ACROSS is not for everybody. 70% of students cannot manage it. And I was One of them who suffered immensely at the hands of this highly informative, very vast and yet non linear and time consuming book. You should remember that revision in last two months is extremely important and with a book like Across, it will always take the same time how many times ever you study it. And you will lag behind. And once you read its difficult to change the book. By the time your friend reads ACROSS once, you can read Arora twice and answer a lot better than him. The content and yield of both books is same its just that ARVIND ARORA is much much much better in terms of retention and quick revision. Only exception is Ophthalmology. And even that with AIIMS point of view.

PG Blazer: Is there anything specific to keep in mind while preparing for AIIMS?
Dr.Sachin H J: AIIMS questions in the three exams which I have written:
1. Repeats are very very less.
2. Every exam is exploring newer questions in forensic medicine.
3. PSM carries a lot of weightage. (But mind you these questions by default extremely difficult to answer with confidence even if you have read PSM very very well. But then in AIIMS nothing is straightforward. If you’ve studied something you’re always more likely to answer by ruling out options or by making “educated guesses”.)
4.Ophthal – everybody knows you must know really well. (But again a lot of questions might still remain “unanswerable but guessable”((???)) )
5. Derma image questions in every paper.
6. Concepts are extremely important. AIIMS is a thinking exam. A lot of questions you stand a chance to answer just by coming back to the question in the second round.
7. In AIIMS after rank 39 you’re chance of getting a preferred clinical branch become very low (For UR). (That’s when the AIIMS preferential round starts). A notable exception is Ophthalmology which has seats in double digits every time. And in November session if people drop seats after All India results, some miracles keep happening in Open counseling. Well the point is if you want a rank below 50, then answer is Lady Luck.
Everybody will know the easy questions. Well read guys answer the next level of difficult questions.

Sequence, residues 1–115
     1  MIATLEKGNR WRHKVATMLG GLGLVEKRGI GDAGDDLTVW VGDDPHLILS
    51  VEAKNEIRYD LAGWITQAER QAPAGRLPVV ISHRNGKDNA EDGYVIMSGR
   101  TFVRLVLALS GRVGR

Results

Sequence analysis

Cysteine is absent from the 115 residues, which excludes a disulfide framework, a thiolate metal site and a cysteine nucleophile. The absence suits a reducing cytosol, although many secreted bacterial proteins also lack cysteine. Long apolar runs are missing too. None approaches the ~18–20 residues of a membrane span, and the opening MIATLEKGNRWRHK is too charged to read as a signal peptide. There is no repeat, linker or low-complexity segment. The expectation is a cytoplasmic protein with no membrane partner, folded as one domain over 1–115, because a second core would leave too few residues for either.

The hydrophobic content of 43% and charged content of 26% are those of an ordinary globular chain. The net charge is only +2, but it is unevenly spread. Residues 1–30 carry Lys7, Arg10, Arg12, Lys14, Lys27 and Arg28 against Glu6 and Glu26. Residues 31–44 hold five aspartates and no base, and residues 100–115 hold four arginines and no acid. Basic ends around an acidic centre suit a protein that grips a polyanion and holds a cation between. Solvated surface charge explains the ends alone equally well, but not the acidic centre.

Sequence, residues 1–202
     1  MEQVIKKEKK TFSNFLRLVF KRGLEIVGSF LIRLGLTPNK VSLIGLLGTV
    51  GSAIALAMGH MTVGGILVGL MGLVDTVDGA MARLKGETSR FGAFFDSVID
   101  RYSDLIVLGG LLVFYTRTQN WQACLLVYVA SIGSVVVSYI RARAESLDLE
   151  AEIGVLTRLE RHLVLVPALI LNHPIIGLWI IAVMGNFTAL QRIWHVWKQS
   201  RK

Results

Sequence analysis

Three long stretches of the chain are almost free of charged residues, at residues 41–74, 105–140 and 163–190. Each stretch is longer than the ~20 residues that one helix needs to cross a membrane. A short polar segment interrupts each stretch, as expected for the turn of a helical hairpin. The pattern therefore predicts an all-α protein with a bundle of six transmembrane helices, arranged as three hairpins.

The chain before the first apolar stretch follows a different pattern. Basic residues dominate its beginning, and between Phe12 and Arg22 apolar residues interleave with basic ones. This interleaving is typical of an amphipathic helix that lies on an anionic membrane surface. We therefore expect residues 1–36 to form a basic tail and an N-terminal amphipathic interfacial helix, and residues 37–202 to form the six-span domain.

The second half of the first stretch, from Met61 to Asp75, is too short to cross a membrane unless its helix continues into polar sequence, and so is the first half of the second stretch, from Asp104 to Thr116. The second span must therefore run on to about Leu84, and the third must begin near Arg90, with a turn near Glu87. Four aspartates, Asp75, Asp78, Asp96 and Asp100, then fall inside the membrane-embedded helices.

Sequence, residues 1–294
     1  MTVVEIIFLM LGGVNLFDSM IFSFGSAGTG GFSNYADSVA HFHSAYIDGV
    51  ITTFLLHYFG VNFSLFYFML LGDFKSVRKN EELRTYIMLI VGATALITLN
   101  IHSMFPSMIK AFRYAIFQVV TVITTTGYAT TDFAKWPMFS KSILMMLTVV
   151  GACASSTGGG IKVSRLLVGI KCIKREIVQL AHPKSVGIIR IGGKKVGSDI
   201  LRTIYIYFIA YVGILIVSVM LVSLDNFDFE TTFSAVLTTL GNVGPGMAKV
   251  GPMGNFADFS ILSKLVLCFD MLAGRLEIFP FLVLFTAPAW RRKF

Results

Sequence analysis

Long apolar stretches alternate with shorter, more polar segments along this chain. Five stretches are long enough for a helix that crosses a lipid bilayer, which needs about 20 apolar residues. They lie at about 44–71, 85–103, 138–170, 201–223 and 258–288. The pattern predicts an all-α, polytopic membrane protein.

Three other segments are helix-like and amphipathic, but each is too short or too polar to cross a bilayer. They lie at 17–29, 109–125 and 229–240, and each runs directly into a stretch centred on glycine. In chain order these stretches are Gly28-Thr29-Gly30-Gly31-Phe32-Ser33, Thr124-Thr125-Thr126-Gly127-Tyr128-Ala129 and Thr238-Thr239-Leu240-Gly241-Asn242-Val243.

And the tough nuts are the ones which can’t be answered by the even most well read.
Unfortunately every AIIMS exam carries this set of unanswerable questions and these are the questions which will decide whether you’ll get Rank 1 or Rank 51. And most of people I know who have topped mark > 195 options.
Last nov I had marked 193 options.
I had a policy of not guessing Qs about which I knew absolutely nothing about.
So this time I had marked only 188 options and I think that’s where I erred. I should’ve gone for the guessing game. I would’ve won or lost. No use of being in between somewhere. ( There are examples where guys have been so well read that they’ve got Peds. I don’t know Medicine is always interesting.

PGI entrance topper - Dr. Sachin H J quote

PG Blazer: What is your advice to future aspirants?
Dr.Sachin H J: Entrance is tough time for everybody.
Be calm and focussed. Always keep planning and replanning and prioritizing as well.
Don’t mix with people with a negative attitude.

With consistent and planned study there is nothing standing between you and your dream seat.

Don’t miss the jackpot of May (assuming you didn’t get in November 🙂 ). After ALL India go back to home spend some quality time for 4 or 5 days with family. But After that come back to your room, and set a schedule for Jan and Feb Exams like CMC/COMEDK. I’m not asking you to solve COMEDK papers or anything. Just whatever you had studied in October and November. Just revise only that and give these exams you will definitely crack em or get a reassuring rank. Then you’ll have Feb, March and April. You can fine tune your preparation and revise twice more. If you do this its a given that you will crack at least one of these May exams for a branch of your choice.

Most importantly. Know what you want. No branch is better than other. Its your interest that counts the most. For the May exams All India counseling and the uncertainty over it can eat into a lot of your time for preparation. So a Good All India Rank and a decided branch (Its not the counseling procedure in itself, but the time you spend thinking about it that kills most of your time) can save a lot of time and give you the edge.

Lastly I would like to tell one thing that Shibu Sir told us in his final class.
“At any point Never think of Yourself as a mediocre student. To get into medicine itself you were Definitely a Good Student. And you can always be one whatever you may be right now. When you see someone who is performing well; The question is not why he can??? (Everybody will have an answer for that He’s very smart, intelligent, hard working from day 1 of MBBS blah, blah, blah, etc., etc.) The Question is why can’t you?????”

PG Blazer: Please give your comments / suggestions regarding PG Blazer.
Dr.Sachin H J: Last year when I used to feel low and frustrated a lot of times, I used to read the interviews on PG Blazer and the amazing stories of the likes of Dr.Vivek Lanka. I am much previleged and happy to be able to share my views and thank PG Blazer for that.

PG Blazer: That brings us to the conclusion of the interview. Best of luck for your future endeavours!